The movie opens in a Los Angeles convenience store one late Monday night, where a smalltime drug dealer named Nick (Aaron Eckhart) is trying to decide what coffee brand to buy. His ex-lover...
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The movie opens in a Los Angeles convenience store one late Monday night, where a smalltime drug dealer named Nick (Aaron Eckhart) is trying to decide what coffee brand to buy. His ex-lover Dallas (Paulina Porizkova) and fellow hitman Billy Hill (James LeGros) are getting impatient and tell him to hurry up. Conflicts between Nick and the cashier (Luck Hari) ensue, resulting in Dallas shooting the cashier dead. Though the three attempt to cover up the crime, they are forced to also shoot a police officer (Bari K. Willerford) when he discovers blood on the ground. Written by
The details of Dallas' version of Nick and Casey's last job differ from that of Casey's version. According to Dallas' story, told to her by Nick, Ball-Peen's apartment was very colorful, luxurious and lavish. And the woman who comes out of the bedroom was, at least, pretty. In the version Casey tells, the apartment was drab, run-down and dirty. The woman from the bedroom looks like a drug addict wearing a bath robe and disheveled hair. See more »
51:30 into the movie, the amount of cocaine on Nick's nose changes during the end of the big drug deal scene. See more »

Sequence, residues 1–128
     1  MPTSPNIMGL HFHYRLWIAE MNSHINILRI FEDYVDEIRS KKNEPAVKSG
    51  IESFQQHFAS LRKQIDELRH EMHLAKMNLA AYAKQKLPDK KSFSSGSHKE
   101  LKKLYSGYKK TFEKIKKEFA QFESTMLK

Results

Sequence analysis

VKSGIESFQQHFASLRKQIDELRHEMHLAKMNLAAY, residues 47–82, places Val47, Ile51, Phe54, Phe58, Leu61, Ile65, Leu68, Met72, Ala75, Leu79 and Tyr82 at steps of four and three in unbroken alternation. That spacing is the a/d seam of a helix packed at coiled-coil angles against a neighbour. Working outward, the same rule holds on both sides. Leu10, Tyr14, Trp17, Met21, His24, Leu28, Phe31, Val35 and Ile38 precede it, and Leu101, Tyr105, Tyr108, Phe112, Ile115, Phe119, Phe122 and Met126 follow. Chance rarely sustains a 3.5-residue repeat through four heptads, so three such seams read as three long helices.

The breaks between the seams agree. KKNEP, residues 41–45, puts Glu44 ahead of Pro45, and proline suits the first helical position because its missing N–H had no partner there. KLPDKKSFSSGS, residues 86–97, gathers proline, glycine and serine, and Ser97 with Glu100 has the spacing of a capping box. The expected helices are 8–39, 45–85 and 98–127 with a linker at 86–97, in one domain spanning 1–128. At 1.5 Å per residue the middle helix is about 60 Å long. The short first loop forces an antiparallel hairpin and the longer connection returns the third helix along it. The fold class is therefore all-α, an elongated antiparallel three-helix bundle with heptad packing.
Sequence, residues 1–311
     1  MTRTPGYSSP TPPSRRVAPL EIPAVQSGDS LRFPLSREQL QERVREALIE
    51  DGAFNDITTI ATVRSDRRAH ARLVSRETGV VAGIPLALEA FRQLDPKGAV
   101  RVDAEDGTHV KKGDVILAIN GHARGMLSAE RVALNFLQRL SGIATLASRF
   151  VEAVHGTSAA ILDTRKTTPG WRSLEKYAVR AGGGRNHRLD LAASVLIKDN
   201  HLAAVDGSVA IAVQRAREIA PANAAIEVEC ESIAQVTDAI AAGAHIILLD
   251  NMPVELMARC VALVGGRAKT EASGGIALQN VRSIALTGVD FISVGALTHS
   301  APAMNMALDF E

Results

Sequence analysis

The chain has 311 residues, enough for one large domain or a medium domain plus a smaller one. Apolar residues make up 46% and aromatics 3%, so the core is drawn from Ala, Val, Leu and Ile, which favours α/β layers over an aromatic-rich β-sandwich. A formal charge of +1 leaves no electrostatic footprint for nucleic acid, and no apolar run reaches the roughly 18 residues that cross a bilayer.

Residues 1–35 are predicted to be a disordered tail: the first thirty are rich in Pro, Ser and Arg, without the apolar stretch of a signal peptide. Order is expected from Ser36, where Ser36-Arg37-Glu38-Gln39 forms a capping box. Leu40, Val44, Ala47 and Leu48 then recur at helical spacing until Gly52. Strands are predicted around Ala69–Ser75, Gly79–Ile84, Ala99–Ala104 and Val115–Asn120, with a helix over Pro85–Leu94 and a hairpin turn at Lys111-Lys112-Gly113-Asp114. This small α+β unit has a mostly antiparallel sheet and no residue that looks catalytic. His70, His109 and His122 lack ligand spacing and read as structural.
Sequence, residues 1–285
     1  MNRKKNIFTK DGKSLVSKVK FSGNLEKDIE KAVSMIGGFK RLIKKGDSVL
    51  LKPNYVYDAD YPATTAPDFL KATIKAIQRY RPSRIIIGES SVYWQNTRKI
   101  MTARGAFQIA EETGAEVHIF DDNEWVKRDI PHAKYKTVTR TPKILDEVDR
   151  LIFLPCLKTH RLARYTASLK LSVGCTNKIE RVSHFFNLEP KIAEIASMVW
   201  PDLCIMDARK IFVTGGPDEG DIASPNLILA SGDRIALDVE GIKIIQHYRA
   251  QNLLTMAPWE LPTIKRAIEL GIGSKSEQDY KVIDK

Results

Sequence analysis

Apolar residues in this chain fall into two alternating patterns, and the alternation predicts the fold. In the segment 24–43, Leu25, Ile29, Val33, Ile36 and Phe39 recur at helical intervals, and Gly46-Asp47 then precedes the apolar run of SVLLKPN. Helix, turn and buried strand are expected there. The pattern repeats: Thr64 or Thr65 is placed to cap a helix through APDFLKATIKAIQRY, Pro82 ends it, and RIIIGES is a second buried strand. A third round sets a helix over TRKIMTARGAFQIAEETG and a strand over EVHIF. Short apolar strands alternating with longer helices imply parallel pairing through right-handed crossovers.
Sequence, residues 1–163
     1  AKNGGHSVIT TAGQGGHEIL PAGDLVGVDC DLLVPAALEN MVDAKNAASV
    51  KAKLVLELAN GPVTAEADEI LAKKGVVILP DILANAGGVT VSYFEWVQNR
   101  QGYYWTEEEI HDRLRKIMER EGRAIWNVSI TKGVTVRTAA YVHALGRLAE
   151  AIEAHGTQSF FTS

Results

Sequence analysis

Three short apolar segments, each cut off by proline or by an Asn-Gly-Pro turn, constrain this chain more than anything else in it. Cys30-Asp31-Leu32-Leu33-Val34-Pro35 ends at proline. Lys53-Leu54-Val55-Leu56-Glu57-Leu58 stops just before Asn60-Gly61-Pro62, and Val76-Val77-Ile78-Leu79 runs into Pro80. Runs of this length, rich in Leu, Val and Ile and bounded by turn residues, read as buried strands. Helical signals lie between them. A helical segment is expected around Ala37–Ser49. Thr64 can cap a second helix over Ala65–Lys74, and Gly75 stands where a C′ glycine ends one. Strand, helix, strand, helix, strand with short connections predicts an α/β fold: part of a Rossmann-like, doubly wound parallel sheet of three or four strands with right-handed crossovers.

God da-amn! You see the way that bitch's head exploded? Shit. Ordinarily, it'd be a damn shame to shoot a piece of ass like that. Ya know what I mean? But in her case, I'll make an exception. I always hated that bitch...
My name's Billy Hill. Friends call me Hillbilly. You can call me Mr. Hill. I hope I didn't interrupt anything too romantic for you, but that whore can go all day long...
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As I stated earlier this year, in my review of Swordfish (which was scripted by this films writer/director/producer Skip Woods) this is a good film. It ranks very high up there in my crime flick list among Lock Stock & Two Smoking Barrels, Pulp Fiction and Snatch. Basically I think this film is for me what Reservoir Dogs was for many people - a cult classic - although I prefer to compare it with Pulp Fiction. I mean I never liked Tarantino's first effort a lot, but I sure as hell liked this one as much as I like Pulp Fiction, for it simply has everything a classic needs. A great story and good actors. OK the budget might be not as big as in for instance Godzilla, The Avengers of Mission to Mars but it sure as hell beats the living crap out of those films (and numerous others).
The story of this film, is about a man named Casey (Thomas Jane), who has settled down with his wife in Houston. Unexpectedly an old friend of his comes by disrupting his life, revealing his secrets and basically making his day a living hell (and a bloody one too).
The film is very original and quite bloody / sexually tinted. So based on that first and that last quality I can assure you that if you like this film, you'll also like Swordfish, which of course has a much bigger budget and more famous faces than this one but is just as good (though not as bloody and not quite as sexually tinted). I saw this film for the second time last night and I really enjoyed it (again). I mean all the characters and actors are good, although I must give very big credits to Thomas Jane and Paulina Porizkova, who were the best actors (and had the best characters) in the film. Also I'd have to thank Skip Woods for being so imaginative and original. Brutal, sexual, offensive??? Maybe, but sure as heck enjoyable and a thrill ride to the end.
8 out of 10
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